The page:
Resumes Are Dead. Your Blog is Your Resume. (Still).

I haven’t updated my resume for at least 3-4 years now. (There must be some old versions floating around, as just a few days ago a recruiter solicited me for a SAP Implementation Project – she must be especially dumb, not noticing the decade-old timestamp on my SAP qualifications.) But back to resumes: I don’t need one, and neither do you.

Even in the “old days” of writing resumes any recruiter would confirm that the single best way of landing a job was through your personal network. Top Executives, genius engineers, star salesmen, well-published academics don’t ever need to look for a job: they get invited. It’s always better than knocking on the door. Or many doors.

But now Seth Godin sets the same rules even for applicants to his internship:

Having a resume begs for you to go into that big machine that looks for relevant keywords, and begs for you to get a job as a cog in a giant machine. Just more fodder for the corporate behemoth. That might be fine for average folks looking for an average job, but is that what you deserve?

If you don’t have a resume, what do you have?

How about three extraordinary letters of recommendation from people the employer knows or respects?
Or a sophisticated project they can see or touch?
Or a reputation that precedes you?
Or a blog that is so compelling and insightful that they have no choice but to follow up?

We’ve looked at the two extremes: the top 5% whose personal reputation and network carries them on, and those who can’t really have a meaningful resume, since – unlike Ben – they are barely starting their careers. But in between is the rest of us, average Johns ad Janes, who probably have some achievements, are remarkable in one way or another … if only the world knew about it! Well, that’s the point! Most of us don’t have an extensive enough personal network, or they may be geographically dispersed, or they may not be in the right position… so how to get the word out?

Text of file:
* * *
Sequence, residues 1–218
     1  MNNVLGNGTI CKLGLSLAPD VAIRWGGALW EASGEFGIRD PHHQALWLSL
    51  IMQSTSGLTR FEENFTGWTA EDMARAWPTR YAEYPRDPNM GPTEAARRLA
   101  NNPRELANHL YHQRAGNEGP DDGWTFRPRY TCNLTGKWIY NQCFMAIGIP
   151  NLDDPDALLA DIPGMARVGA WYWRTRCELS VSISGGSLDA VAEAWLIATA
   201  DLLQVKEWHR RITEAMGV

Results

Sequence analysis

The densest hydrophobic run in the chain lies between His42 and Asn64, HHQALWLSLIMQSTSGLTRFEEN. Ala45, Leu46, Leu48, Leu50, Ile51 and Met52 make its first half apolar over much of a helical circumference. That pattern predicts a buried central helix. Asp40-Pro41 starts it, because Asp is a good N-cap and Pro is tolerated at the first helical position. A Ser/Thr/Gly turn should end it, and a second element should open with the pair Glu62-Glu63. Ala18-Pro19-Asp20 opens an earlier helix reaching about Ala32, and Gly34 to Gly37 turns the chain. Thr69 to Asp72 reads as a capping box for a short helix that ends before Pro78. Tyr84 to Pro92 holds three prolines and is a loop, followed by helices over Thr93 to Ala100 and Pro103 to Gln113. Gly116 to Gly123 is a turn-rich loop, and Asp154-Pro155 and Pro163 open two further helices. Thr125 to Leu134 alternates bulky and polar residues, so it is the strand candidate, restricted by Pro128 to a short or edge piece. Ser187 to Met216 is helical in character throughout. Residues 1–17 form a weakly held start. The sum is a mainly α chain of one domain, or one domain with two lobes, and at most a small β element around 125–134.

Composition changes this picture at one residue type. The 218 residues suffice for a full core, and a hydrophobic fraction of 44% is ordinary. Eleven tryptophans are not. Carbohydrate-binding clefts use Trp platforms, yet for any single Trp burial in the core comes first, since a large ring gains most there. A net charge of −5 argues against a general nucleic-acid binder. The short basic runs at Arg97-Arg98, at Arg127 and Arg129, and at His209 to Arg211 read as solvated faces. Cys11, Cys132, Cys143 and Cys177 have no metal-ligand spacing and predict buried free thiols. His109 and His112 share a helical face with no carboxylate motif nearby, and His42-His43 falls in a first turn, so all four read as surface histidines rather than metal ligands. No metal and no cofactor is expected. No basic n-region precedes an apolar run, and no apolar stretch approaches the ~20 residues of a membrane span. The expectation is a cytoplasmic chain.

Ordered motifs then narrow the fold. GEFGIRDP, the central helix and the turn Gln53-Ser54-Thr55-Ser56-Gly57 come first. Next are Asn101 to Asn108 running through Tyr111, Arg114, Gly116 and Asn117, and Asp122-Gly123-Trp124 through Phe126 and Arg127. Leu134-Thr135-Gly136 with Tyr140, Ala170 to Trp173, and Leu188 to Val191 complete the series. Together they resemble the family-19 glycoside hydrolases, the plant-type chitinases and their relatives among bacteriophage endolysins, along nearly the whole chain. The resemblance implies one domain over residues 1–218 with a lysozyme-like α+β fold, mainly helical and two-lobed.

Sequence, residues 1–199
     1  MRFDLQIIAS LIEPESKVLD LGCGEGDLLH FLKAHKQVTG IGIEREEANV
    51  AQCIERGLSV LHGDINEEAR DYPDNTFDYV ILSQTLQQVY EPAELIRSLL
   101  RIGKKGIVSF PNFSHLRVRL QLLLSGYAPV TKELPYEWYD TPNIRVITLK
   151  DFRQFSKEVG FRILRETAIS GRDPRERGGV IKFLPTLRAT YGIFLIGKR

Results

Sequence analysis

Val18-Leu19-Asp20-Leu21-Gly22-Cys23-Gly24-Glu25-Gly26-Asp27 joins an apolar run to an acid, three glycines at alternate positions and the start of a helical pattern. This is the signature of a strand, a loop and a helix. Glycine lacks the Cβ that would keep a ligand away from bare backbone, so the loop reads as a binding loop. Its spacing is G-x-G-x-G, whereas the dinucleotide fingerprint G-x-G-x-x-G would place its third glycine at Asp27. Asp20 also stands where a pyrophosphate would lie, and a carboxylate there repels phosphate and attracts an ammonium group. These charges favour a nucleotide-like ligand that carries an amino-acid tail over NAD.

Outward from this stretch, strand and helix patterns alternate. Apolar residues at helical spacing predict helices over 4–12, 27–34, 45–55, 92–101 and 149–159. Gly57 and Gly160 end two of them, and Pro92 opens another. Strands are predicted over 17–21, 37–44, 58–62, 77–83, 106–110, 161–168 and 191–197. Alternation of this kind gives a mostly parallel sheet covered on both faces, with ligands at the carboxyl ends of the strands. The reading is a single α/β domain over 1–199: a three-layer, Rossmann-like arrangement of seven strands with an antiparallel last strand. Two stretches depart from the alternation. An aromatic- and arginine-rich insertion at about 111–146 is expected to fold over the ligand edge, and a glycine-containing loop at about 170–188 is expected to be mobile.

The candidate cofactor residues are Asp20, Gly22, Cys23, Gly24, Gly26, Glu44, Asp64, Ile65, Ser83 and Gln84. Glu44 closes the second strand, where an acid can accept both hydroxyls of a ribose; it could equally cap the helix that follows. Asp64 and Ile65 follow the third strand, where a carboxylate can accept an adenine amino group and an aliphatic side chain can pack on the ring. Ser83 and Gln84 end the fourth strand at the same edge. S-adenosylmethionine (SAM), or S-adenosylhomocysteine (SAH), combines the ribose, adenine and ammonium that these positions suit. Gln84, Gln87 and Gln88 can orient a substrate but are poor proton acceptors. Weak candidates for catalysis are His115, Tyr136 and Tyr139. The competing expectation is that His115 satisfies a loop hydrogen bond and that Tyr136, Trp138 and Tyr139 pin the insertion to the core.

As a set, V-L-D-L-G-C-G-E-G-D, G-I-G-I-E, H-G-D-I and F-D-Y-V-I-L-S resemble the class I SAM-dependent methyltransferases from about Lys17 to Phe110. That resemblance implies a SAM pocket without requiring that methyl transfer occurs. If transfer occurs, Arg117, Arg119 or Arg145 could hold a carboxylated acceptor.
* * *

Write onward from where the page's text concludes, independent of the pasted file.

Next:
Blogging changes it all. If you’ve been blogging for years, you certainly did not do it with a particular job in mind; your blog is likely to be a true reflection of who you really are, what you are an expert in, your communication skills, your priorities … YOU as a whole person, not as a candidate for a specific job – the brand called You. That’s certainly better than a resume, which is likely tailored for a particular job, and let’s face it, often “cosmetically enhanced” – no wonder it ends in the waste-basket.

You don’t have a blog? Why? Don’t you know the best time to market yourself is when you don’t need it?

Tom Peters has been saying for years:

Regardless of age, regardless of position, regardless of the business we happen to be in, all of us need to understand the importance of branding. We are CEOs of our own companies: Me Inc. To be in business today, our most important job is to be head marketer for the brand called You

My friend and fellow Enterprise Irregular Roth Boothby argues:

“…hiring a blogger is a lower risk proposition because you have more information and a better idea of how they are going to perform.”

He should know – he got hired twice, based on his blog. By the way, I really envy Rod’s charting skills:smile_eyeroll

It’s never been easier to build that Brand Called You: if you’re still not doing it, what are you waiting for? Start your blog today!

(hat tip: BL Ochman)